- As pointed out correctly by the authors, both MSG and SSI utilize the same primary source for identifying listed households. However, it is incorrectly stated that MSG relies on the TPM file from Telcordia for frame construction. Unlike SSI, MSG has been relying on a much more comprehensive (expensive) Telcordia product known as the LERG (Local Exchange Reference Guide) because of observed updating and currency issues associated with the TPM file. This is why, as referenced in this paper, the MSG frame has included many more 100-series banks with approximately 150 million potential telephone numbers than what the authors have considered valid. Interestingly enough, the authors report that almost one million households are covered in such banks. MSG includes these banks because, by definition, all numbers in the associated exchanges are either active or potentially available for residential assignment. This is the conservative approach to frame definition since Telcordia data are always somewhat out-of-date and fail to include many 1000-series blocks that are currently in use.
- While there is an important distinction between the two parameters – number of telephone households and count of residential telephone numbers – the authors do not clearly delineate which of the two corresponding units of measure they intended to utilize in this study. As such, it is unclear if any information has been collected from the respondents about the number of phone lines in each household. Without such inquiries it is impossible to bridge the gap between these two key parameters. Regardless of whether the authors have opted for telephone households or residential telephone numbers as their unit of measurement, their estimates fall well short of the actual totals. Without further information it would not be possible to determine whether the source of the resulting underestimations is due to sampling design, data collection process, estimation producers, or a combination thereof.
- Several objectives are enumerated for the survey instrument including resolution of “phantom numbers” due to number portability by verifying whether respondents had been reached on the number dialed; eliciting information regarding the listed/unlisted status of numbers; and whether households with landline numbers in the 0-listed frame are reachable through the 1+listed frame. However, very little is reported about the actual scope of the questionnaire, its exact contents, or study results related to these objectives. Ironically, the paper incorrectly states that MSG’s interviewers did not confirm the dialed numbers nor determine whether they are residential, business, or of some other category. Actually, these are standard questions as part of our GENESYS-CSS attended screening process.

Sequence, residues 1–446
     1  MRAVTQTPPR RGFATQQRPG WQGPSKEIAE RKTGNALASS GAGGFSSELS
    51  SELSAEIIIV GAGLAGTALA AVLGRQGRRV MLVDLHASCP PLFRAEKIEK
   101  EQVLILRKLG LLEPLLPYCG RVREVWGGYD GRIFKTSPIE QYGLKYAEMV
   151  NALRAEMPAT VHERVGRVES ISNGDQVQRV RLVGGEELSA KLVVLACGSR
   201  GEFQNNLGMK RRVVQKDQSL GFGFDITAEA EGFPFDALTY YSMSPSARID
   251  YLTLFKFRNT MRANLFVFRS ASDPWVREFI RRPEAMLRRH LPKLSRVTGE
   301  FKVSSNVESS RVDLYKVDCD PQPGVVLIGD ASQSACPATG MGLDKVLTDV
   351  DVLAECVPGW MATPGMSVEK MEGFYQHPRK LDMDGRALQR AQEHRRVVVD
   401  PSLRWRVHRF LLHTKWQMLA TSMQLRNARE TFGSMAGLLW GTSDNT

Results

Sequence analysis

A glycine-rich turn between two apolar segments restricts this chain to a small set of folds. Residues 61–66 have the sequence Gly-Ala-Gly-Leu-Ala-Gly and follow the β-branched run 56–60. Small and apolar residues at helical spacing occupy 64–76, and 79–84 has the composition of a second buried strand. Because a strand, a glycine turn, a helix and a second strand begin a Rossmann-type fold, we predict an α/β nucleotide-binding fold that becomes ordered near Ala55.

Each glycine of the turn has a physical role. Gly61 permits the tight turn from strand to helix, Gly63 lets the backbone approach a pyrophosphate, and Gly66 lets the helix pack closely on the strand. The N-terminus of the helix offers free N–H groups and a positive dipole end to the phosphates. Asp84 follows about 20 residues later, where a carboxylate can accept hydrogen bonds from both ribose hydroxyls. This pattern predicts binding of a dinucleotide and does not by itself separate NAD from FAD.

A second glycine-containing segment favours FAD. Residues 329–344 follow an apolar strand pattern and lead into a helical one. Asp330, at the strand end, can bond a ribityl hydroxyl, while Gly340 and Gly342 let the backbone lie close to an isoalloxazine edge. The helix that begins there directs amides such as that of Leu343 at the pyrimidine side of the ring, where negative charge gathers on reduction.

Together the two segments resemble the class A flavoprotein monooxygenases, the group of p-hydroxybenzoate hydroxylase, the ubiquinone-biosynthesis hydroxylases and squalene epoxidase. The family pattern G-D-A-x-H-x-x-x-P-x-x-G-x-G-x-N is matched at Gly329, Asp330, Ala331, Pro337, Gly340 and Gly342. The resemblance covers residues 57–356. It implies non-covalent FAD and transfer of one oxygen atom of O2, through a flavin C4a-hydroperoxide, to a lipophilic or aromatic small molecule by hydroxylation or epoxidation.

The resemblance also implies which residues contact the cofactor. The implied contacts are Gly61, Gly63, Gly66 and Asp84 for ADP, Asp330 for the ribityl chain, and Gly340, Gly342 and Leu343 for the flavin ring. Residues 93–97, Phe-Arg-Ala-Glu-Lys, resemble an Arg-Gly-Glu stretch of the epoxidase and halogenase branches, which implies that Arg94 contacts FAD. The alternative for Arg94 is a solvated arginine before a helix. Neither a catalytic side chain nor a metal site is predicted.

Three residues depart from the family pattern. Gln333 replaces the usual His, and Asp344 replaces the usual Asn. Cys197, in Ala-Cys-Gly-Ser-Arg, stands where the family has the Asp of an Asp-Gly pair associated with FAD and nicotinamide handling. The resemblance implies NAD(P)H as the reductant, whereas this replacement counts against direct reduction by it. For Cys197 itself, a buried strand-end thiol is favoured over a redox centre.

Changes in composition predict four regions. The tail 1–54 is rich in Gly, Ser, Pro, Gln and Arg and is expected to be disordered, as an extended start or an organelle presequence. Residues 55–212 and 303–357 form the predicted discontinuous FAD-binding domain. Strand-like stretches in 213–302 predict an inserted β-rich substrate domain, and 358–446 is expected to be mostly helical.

- It is correct that for calculation of response rates survey researchers often allocate the remaining undetermined cases based on the observed distribution of the resolved cases. However, the problem at hand is one of estimating coverage rates and not approximating response rates. This is why MSG has taken additional steps to resolve the remaining undetermined cases by searching in various commercial databases to trace as many such telephone numbers as possible. Accordingly, we have managed to find a final disposition for nearly one half of our undetermined cases to reduce the net rate to about 3% as compared to the 7% the authors have proportionally allocated based on a distribution that most likely includes a different mixture of working and nonworking numbers. To put this in perspective, a 4% difference in resolution rate represents about 36 million telephone numbers across the 0- and 1+listed frames. Imputing the final status of these numbers through simple extrapolations alone can easily explain the observed differences in coverage rates for the corresponding 100-series banks.
- Lastly, and as a point of curiosity, the authors initially list one of their research objectives to be a description of the characteristics of households with landline telephone numbers in the 0-listed banks. This is an important investigation that we are pursuing as the next phase of our study – research that is expected to require significant resources because of the low residential hit rates in such banks. However, later in the text the authors report their study has only focused on estimating the extent of coverage error and not on examination of the characteristics of households in the 0-listed banks. It is not clear why an objective that has not been carried out is even mentioned in the first place.